Yes, Women Are Making Fewer Babies. But No, It’s Not Women’s Fault

Marina Adshade
Photo Illustration by The Daily Beast/Getty

America, it seems, is short on babies. While most developed countries watched their birth rates gradually decline over the 1990s and 2000s, U.S. birth rates remained high and then plummeted over the past 10 years—from 70 births per 1,000 women in 2007 down to a record low of 59 in 2018. 

The response to these declines has been such that the Centers for Disease Control and Prevention (CDC) might as well retitle its Vital Statistics Report “Everybody Panic.”

There has been widespread public consternation that a low birth rate will put the economy in peril, with some imagining that the United States will soon face Japan’s population crisis and fretting for the future of the American family when having children is no longer a priority. 

A priority for women, that is, because apparently women are entirely responsible for determining when and how many babies are born.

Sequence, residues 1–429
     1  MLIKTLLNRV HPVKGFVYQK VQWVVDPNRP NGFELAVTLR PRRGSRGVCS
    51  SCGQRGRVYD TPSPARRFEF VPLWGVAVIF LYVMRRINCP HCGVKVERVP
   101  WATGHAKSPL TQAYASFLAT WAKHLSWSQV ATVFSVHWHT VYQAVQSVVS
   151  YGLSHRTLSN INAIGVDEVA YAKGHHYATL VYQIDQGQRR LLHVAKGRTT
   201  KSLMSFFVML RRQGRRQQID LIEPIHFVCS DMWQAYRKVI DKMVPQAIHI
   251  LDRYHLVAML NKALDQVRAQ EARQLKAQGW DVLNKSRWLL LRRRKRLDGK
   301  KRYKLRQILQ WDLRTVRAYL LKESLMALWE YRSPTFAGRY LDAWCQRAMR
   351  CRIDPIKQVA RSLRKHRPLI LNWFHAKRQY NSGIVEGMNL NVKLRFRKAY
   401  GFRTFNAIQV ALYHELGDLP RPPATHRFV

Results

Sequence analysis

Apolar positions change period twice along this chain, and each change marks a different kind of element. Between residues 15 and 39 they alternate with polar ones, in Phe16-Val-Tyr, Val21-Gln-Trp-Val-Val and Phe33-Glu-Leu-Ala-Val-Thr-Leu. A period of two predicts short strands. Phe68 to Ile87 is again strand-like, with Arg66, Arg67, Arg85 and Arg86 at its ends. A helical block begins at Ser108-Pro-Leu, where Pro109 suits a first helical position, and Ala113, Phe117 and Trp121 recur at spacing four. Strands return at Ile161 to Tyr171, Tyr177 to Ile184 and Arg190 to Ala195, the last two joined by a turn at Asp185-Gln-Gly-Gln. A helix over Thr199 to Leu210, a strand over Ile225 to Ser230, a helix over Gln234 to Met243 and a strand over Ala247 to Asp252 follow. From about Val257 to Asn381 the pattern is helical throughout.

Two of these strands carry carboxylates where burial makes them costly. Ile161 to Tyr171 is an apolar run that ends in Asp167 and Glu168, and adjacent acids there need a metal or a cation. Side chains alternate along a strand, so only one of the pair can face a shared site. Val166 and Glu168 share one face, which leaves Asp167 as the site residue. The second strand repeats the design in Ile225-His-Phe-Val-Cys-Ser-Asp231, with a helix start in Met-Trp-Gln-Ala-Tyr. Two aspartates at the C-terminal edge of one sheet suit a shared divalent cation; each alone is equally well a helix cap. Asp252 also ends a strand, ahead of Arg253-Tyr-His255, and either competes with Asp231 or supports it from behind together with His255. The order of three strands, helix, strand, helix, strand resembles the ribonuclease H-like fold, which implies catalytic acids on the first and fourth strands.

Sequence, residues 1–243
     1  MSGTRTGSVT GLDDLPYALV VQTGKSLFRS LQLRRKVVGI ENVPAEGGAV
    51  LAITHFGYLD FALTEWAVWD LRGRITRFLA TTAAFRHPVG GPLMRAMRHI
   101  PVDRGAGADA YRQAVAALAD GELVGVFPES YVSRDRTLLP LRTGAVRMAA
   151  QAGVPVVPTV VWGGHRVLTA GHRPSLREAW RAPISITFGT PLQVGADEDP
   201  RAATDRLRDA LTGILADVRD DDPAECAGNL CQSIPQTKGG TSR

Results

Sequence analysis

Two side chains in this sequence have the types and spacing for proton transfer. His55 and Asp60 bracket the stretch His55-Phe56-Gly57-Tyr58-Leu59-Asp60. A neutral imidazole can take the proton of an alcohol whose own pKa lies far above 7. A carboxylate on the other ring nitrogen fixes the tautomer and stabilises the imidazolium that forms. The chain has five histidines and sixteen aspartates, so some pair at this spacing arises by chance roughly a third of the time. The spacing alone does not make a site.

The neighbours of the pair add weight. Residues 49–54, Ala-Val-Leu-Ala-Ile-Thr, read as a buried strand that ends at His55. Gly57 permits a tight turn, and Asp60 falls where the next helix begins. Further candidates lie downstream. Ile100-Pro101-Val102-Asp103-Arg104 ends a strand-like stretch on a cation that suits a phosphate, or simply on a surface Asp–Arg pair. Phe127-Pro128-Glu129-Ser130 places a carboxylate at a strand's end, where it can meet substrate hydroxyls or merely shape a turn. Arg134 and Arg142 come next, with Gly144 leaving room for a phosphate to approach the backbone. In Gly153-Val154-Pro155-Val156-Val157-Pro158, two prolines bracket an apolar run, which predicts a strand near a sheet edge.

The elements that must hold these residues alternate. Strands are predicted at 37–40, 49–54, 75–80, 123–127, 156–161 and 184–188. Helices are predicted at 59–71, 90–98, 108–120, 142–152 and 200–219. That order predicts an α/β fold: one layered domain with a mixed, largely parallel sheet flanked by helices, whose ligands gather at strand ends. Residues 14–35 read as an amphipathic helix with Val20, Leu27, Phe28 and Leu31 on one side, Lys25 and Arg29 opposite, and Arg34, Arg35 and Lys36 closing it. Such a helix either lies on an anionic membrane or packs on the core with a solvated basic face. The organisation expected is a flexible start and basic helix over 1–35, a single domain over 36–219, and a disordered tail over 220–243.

All of the blame for the decline in birth rates has been laid at the feet of women—who by all appearances are blatantly ignoring the warnings of everyone that if they delay having children, they might not have them at all. This despite good evidence that if women are delaying having children, it is in part because men are delaying even longer. 

Much has changed in the world in recent decades, but the one constant is that making babies is a two-body problem, even if those bodies aren’t involved in the childrearing. And for the majority of heterosexual women, who do not want to raise children alone, the decision of when and how many children is subject to a binding constraint—finding a suitable and willing partner to father those children. 

The share of childless people who say they want to have a baby in the future decreases with age. This stands to reason. Most people who say they want children have them when they’re young. As such, this shrinks the pool of childless, child-wanting people. In addition, the realities of parenthood are more apparent at age 35 than they are at age 18, and the desire to parent changes over our lifetimes, sometimes in unpredictable ways.